After a three-alarm fire in San Francisco’s Mission District displaced dozens of people last Saturday, the community is stepping up to help the affected families, according to local community organizers.

A total of 39 adults and four children, according to the American Red Cross, were displaced by the fire which broke out at two addresses in the 3200 block of 23rd Street and affected as many as three other buildings, fire officials said.

The fire was first reported around 9:45 a.m. at two multi-unit apartment buildings at 3220 and 3222 23rd Street where there were six families living, fire spokeswoman Mindy Talmadge said.

The fire spread to three other buildings on 23rd Street at 3224 and 3224-B and two units at 763-765 Capp Street, Talmadge said.

The overall damage to property and contents in the homes amounted to roughly $815,000, according to Talmadge.

The cause of the blaze is under investigation, Talmadge said, however it does not appear to be suspicious.

One firefighter suffered from smoke inhalation and other minor injuries from battling the blaze, and was treated at a hospital and released, Talmadge said.

One pet cat was killed in the fire. No other injuries were reported.

Liz Shermaria with the Red Cross said 20 of the affected victims, many of whom are families, are in hotels provided by the Red Cross. They will stay at hotels until Jan. 7.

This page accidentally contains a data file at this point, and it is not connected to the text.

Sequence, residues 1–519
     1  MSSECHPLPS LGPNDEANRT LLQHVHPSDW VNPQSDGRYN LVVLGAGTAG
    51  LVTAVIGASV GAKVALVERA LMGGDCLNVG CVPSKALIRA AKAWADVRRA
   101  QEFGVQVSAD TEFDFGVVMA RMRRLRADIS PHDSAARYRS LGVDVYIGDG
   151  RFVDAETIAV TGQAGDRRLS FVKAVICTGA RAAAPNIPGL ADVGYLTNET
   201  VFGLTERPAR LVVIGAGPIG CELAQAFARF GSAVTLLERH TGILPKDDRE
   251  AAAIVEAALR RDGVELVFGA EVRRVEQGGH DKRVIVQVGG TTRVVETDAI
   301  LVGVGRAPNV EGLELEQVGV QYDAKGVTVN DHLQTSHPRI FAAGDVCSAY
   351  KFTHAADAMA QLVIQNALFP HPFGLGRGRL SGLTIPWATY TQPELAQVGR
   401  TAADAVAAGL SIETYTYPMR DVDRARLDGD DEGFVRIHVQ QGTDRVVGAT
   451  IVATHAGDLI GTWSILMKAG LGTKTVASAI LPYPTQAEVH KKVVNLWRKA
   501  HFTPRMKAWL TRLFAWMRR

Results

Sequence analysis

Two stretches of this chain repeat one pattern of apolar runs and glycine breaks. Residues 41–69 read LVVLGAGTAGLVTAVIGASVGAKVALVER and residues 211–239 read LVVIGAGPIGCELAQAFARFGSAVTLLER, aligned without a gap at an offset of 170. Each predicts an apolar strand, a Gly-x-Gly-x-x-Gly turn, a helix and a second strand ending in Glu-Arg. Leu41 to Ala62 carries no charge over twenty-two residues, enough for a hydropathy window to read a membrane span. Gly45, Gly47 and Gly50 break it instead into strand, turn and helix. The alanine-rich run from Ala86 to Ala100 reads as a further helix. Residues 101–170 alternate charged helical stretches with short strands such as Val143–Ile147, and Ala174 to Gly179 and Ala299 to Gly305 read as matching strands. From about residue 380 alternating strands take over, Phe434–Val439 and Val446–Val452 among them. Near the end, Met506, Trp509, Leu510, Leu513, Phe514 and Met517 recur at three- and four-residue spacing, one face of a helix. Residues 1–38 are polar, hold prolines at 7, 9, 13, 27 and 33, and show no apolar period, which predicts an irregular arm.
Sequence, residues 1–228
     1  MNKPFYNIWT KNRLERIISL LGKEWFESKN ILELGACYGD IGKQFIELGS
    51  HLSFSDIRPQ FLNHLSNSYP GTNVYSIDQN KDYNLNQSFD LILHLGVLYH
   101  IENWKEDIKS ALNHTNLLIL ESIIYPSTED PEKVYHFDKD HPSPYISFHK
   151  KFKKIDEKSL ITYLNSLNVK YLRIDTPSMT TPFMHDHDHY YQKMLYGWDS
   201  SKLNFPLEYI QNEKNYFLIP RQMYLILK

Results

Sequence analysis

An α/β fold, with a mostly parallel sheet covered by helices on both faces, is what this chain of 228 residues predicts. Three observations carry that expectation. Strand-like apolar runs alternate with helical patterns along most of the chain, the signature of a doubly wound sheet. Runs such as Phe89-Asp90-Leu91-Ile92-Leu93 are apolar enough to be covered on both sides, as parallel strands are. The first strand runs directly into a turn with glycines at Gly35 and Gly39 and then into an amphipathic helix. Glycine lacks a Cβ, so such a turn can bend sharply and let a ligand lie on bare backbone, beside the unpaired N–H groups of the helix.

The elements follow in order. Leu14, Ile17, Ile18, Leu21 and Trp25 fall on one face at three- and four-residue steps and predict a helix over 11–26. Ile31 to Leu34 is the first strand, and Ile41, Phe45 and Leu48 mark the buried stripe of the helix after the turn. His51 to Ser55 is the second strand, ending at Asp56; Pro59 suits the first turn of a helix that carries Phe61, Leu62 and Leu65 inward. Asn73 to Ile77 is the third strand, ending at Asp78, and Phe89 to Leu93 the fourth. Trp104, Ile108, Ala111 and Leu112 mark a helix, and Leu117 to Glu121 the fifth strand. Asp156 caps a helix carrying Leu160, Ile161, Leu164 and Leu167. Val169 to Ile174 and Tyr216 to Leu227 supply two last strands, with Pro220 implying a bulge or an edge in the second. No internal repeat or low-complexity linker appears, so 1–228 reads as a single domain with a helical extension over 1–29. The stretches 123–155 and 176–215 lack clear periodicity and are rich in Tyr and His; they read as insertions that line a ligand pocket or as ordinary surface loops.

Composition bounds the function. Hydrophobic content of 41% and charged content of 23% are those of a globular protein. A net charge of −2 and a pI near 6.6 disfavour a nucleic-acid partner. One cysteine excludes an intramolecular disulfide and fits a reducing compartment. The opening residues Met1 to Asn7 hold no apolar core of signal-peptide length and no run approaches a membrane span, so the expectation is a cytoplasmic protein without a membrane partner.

After next week, the organization is working with city officials to get temporary and permanent housing for the victims.

Meanwhile, the Red Cross has also been providing food, clothing, referrals for other services, and general and mental health assistance, Shermaria said.

The Tzu Chi Center, a Buddhist organization, is helping the Red Cross with financial assistance, Shermaria said, while Dolores Street Community Services is holding an ongoing clothing drive.

Lidia Salazar, office manager at Dolores Street Community Services, said anyone can drop off supplies for the men, women and children affected by the fire.

Mostly clothing donations are needed she said. Items can be dropped off at 938 Valencia St. anytime between Monday and Friday between 9 a.m. and 5 p.m.

Ben Amyes, emergency response coordinator with the city’s Human Services Agency, is holding a meeting for affected tenants Thursday at 6 p.m. at the Mission Economic Development Agency, or MEDA, offices at the Plaza Adelante nonprofit center at 2301 Mission St.

Amyes said the meeting is a way to bring the tenants from 13 different addresses together to discuss issues that affect them all.

“My main concern is helping people find housing,” Amyes said. “We want everyone to go back into their units when they are rehabbed.”

He said most of the homes damaged in the fire are expected to be eventually repaired and ready for residents to return.

In the meantime, the residents need temporary, affordable housing, which is tough to find in San Francisco’s tight housing market, Amyes said.

Other nonprofit and community groups will be at the meeting to address other concerns, Amyes said.

A Facebook page established for the fire victims lists MEDA as an organization to send any monetary donations.

Sasha Lekach, Bay City News

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